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A dummies guide to contractor onboarding

Independent Contractors
CXC Global7 min read
CXC GlobalMarch 14, 2024
CXC Global

In uncertain economic times, such as the current state of the global economy, employers tend to hire more contractors over permanent talent. The need to streamline organisational processes and be able to scale up and down quickly, calls for fewer overheads and slick workforce integration strategies.

So, when contractors are hired into a business in this context, it’s important to the host employer that they get productive, fast. Why? Because companies can see time spent onboarding them, as money spent. Instead, they want them in the seat, working – pronto!

Conversely, when a new employee starts at an organisation, there’s an expectation that they’ll need some time to learn the ropes and assimilate into the new culture and the new role. But contractors often don’t have that luxury. They’re expected to hit the ground running, with very little time spent with their direct team, other relevant teams in the business, or business leadership. It’s a flawed, problematic introduction to a role.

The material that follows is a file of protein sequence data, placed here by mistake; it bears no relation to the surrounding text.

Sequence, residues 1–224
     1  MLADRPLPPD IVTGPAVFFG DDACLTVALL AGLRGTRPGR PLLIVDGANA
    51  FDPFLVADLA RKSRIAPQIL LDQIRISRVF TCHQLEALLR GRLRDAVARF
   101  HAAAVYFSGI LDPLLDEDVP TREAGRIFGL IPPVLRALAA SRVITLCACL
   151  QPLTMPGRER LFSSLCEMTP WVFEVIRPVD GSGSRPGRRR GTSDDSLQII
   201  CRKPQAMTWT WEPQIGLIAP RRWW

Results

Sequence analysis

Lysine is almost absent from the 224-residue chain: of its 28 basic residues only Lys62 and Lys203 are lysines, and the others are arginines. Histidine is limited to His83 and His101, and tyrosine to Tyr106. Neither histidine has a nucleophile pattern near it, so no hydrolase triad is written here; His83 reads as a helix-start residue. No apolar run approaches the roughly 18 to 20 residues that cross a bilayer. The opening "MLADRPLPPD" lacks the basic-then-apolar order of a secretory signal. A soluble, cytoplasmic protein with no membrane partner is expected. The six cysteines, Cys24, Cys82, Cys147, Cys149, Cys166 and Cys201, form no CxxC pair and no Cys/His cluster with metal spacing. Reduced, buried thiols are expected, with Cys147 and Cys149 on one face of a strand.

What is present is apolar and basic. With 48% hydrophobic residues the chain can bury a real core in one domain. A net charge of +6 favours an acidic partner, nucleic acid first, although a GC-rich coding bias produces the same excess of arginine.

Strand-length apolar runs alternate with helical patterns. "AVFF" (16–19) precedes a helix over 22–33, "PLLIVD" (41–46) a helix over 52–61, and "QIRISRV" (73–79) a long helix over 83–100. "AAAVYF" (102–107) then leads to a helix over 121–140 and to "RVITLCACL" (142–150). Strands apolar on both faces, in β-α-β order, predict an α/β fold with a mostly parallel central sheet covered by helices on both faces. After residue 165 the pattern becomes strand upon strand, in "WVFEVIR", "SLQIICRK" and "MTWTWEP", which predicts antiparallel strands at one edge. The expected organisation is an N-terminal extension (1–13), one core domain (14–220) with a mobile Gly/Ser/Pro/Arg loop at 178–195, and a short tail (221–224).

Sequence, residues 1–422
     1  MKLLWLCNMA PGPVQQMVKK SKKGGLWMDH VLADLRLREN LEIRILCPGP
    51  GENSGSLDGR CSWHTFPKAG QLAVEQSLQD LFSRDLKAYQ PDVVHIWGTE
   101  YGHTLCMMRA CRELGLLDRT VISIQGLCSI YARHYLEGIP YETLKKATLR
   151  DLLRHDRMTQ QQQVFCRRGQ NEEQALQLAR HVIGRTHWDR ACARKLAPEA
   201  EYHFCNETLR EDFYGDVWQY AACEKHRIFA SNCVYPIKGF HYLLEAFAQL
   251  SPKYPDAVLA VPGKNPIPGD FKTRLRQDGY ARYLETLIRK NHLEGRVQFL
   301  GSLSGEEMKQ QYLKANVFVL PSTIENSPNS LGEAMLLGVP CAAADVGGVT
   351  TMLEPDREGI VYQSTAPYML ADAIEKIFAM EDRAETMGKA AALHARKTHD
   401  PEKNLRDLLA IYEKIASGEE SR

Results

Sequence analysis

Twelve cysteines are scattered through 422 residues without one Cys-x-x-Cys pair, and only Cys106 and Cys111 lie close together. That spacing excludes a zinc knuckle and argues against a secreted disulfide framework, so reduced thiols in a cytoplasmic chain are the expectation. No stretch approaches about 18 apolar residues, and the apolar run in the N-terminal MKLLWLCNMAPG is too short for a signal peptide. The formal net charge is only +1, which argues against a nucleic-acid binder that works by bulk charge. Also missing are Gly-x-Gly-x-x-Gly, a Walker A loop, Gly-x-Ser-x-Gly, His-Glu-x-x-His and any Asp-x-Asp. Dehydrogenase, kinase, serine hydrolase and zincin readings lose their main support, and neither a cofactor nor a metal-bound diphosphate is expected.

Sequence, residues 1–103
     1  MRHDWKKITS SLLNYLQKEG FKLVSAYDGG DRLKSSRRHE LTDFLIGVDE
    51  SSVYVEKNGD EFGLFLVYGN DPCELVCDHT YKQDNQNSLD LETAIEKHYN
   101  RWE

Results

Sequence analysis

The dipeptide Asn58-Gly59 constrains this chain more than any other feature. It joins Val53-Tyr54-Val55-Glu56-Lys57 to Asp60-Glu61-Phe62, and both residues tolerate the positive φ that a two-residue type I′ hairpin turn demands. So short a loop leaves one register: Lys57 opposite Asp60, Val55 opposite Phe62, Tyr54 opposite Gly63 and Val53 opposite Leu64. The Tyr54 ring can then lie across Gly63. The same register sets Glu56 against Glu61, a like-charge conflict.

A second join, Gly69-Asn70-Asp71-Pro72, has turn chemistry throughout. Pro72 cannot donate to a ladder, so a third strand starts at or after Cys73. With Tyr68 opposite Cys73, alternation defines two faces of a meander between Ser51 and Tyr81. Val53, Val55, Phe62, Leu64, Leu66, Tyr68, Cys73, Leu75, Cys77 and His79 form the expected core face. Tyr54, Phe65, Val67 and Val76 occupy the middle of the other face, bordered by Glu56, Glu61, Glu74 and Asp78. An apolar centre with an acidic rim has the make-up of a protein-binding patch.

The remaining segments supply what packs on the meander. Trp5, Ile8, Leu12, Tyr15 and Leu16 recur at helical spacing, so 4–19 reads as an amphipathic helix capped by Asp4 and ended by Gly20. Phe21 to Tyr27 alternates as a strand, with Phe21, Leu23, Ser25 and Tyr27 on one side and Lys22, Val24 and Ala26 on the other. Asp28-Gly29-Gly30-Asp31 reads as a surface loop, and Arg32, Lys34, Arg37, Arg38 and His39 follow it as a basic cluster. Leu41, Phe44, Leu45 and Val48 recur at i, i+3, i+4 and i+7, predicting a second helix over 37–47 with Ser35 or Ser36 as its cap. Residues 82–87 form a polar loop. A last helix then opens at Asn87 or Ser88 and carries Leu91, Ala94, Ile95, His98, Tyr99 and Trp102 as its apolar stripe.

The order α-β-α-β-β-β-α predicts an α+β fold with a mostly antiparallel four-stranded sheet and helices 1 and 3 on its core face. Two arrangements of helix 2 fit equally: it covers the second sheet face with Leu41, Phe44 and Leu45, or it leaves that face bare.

And alarmingly, there can be legal implications for substandard onboarding of independent contractors. Ensuring contractors are correctly classified, setting boundaries around accessibility to company files and IP and other operational considerations must all be factored into a quality contractor onboarding process.

And that’s what we’ll cover today.

Unpacking the contractor onboarding process

Key components of contractor onboarding

There are multiple, varied factors to be included in a quality contractor onboarding process. But this doesn’t mean onboarding needs to be protracted or painful. Below, we’ve provided a guide to all the mandatory issues you need to consider:

Legal and compliance: covering all your legal and compliance issues is key to a successful working relationship. It also means you’ll avoid misclassifying the worker as a contractor, if in fact, you’re treating them like an employee. The various legalities and compliance issues you need to address, in line with your local legislation, are: